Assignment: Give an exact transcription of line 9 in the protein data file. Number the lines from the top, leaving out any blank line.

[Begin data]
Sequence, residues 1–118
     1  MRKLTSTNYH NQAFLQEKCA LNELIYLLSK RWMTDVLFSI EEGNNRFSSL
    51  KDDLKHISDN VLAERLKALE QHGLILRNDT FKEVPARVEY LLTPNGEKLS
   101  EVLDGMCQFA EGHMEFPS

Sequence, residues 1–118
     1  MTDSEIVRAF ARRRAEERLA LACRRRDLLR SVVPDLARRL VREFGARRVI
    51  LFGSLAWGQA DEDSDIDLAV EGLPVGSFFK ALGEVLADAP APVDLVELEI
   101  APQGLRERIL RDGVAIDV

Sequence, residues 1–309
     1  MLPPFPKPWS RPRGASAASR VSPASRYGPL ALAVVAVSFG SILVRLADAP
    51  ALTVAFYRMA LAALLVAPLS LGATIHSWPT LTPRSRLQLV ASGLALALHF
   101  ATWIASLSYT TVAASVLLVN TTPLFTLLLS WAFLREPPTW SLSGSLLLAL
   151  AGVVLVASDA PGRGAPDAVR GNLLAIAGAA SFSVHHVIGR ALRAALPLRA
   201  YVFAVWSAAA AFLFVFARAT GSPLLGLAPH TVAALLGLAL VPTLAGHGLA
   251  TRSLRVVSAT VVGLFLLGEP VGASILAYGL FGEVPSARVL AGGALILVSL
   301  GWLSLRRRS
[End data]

Sequence, residues 1–309